There are several factors that collectively determine the admission decision: GPA, your professional exam score, outside activities, and the admission interview. The average distribution of GPAs for applicants accepted are skewed with more applicants having between 3.8 – 4.0 GPA than between 3.4 – 3.7 GPA. However, there is neither a guarantee that a student with a higher GPA will be accepted nor a certainty that a student with a lower GPA will not be admitted. Someone with a high GPA (3.8 or above) can be rejected and an applicant with slightly lower GPA (3.4 – 3.7) can be selected. The decision rests on the overall application. Also, professional school selection committees vary from year to year in what they look for in a successful candidate.
Professional schools calculate the GPA for each applicant in three ways: science, non-science, and overall. Depending on the institution, some may only count the first grade received in a course. Thus a course retaken, even under the D&F Repeat Rule, would not count. Others institutions count the highest grade or average the two grades. These differences could cause the calculated GPA to differ from your GPA calculated by Marshall University. It is a good idea to check with the professional school admissions office, or consult the institution's web site, to learn how the GPA calculation is handled.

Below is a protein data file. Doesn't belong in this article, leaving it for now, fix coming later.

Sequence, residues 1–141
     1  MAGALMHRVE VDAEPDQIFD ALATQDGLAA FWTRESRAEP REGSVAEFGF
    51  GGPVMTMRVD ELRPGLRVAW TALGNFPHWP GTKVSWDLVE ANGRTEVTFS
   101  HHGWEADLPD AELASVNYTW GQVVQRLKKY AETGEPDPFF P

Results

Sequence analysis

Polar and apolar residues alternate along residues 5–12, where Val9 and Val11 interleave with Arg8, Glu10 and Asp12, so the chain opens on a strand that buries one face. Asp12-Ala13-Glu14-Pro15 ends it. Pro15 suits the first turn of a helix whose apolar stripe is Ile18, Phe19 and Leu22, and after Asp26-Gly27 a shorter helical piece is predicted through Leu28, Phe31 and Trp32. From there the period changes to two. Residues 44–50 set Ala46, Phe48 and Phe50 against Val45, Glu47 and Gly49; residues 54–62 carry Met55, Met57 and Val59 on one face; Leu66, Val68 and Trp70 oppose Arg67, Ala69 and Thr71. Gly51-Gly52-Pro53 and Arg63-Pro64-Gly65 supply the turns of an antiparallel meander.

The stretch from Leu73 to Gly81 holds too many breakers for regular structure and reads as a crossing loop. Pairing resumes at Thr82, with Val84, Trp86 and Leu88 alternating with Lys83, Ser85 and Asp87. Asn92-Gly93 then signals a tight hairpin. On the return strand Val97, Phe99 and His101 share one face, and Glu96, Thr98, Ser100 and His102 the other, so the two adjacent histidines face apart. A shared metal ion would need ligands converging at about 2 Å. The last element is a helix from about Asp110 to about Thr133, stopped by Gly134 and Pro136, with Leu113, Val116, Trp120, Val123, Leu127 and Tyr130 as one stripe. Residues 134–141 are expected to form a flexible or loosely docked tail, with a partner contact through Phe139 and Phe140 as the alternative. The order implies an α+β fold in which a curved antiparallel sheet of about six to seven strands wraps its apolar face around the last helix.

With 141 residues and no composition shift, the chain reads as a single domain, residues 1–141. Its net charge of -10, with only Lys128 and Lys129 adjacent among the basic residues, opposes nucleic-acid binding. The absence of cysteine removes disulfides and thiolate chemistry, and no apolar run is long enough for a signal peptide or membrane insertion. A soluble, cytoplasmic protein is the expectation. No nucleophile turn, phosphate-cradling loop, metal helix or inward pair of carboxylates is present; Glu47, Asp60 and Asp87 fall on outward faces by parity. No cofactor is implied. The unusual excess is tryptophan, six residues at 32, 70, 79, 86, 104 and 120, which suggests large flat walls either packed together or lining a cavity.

Students who have sought academic forgiveness may not be eligible for professional school.
Check with the professional school of your choice for specific admission requirements. Most of the exams are given at Marshall University. Application packets for these exams are available online at the national exam's website. The tests are:
|Chiropractic||No admission exam required|
|Dental||DAT (Dental Admission Test)|
|Medicine||MCAT (Medical College Admission Test)|
|Optometry||OAT (Optometry Admission Test)|
|Osteopathic Medicine||MCAT (Medical College Admission Test)|
|Pharmacy||PCAT (Pharmacy College Admission Test)|
|Physical Therapy||GRE (Graduate Record Examination)|
|Physician Assistant||GRE (Graduate Record Examination)|
|Podiatry|| MCAT (Medical College Admission Test) or
GRE (Graduate Record Examination)
|Veterinary Medicine||MCAT (Medical College Admission Test) or